Clouds afire

Returning to Stockton from an assignment to shoot snow in Bear Valley, I was driving on Highway 4 toward a pretty sunset. Usually the most brilliant colors of a sunset are in the direction of the sun as it slips past the horizon. But I glanced to the northeast and saw that the colors that day were bordering on other-worldly.

I knew I didn’t have much time since these off-axis hues fade quickly. I remembered a spot just west of Copperopolis where I could make a good photo (using one of the “rules of photography” that my college photo instructor taught me: “always have a foreground”). There was a picturesque outbuilding and windmill at Telegraph Court and Highway 4. I knew I was running out of time. So when I got there I literally jumped out of the car (engine still running and door left open) and got the shot. In about five minutes it was gone. The light had faded, and the clouds that had been so intense were now a dull brown.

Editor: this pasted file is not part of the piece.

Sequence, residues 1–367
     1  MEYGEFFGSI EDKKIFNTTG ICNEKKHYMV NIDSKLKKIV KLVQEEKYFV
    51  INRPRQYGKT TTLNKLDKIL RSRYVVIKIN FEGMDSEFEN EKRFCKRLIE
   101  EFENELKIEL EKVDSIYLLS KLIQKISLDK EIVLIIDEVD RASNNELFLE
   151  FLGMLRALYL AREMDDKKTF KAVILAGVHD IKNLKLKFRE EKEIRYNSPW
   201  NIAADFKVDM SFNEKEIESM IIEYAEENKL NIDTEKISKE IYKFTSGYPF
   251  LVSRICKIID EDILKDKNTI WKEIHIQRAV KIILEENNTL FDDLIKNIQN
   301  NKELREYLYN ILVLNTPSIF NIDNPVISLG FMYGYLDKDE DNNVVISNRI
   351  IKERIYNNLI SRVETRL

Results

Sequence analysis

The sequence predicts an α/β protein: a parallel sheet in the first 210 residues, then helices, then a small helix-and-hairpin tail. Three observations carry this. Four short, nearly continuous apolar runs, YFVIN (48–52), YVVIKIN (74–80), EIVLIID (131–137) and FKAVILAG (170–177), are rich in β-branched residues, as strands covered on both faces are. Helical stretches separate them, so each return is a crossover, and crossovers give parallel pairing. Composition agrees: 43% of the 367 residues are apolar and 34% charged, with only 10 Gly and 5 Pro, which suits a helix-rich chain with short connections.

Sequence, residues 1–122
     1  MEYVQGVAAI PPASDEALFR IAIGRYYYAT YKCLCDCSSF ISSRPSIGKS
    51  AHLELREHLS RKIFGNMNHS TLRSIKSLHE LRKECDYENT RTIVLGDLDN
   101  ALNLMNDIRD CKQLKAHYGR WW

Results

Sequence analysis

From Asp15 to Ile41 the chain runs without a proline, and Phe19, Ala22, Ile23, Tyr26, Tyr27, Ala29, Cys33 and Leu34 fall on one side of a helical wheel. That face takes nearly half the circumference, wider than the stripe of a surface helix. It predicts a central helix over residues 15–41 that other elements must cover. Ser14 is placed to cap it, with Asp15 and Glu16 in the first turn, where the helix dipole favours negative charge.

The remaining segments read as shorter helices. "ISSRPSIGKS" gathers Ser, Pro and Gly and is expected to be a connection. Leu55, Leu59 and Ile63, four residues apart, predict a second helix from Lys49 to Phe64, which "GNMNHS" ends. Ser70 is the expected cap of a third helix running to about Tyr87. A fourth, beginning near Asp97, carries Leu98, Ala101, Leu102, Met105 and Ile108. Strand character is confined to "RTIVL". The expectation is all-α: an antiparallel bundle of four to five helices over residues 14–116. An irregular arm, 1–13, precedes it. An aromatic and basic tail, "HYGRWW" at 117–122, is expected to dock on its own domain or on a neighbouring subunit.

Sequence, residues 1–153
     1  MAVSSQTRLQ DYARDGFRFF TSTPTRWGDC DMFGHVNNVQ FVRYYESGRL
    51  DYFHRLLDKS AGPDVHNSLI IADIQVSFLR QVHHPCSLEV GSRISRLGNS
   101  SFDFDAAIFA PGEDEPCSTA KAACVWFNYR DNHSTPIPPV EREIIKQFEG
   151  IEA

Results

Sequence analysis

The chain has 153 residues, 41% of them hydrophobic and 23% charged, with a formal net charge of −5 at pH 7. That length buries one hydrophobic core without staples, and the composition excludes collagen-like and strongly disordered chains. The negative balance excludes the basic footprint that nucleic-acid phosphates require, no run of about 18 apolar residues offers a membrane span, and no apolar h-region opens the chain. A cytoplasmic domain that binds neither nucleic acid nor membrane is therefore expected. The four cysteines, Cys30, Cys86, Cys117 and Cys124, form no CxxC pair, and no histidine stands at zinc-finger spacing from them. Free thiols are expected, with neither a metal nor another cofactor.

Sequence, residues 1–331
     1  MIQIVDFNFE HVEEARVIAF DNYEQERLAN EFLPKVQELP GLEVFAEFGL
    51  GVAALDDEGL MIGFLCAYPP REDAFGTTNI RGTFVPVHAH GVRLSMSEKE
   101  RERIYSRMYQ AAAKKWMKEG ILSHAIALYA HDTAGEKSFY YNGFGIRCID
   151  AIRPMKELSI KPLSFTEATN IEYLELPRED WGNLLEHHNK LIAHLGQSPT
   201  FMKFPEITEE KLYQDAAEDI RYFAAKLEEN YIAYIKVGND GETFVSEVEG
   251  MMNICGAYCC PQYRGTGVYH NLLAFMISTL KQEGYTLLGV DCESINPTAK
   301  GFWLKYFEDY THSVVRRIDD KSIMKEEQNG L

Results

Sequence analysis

A lot of what we do for The Record are “stand alone” photos (Also called “wild art or “enterprise” photos in the newspaper jargon). Occasionally they’re assigned by the city desk, but mostly they’re found situations, like this one. Sometimes they take skill and experience, other times they take some luck and maybe a lead foot.

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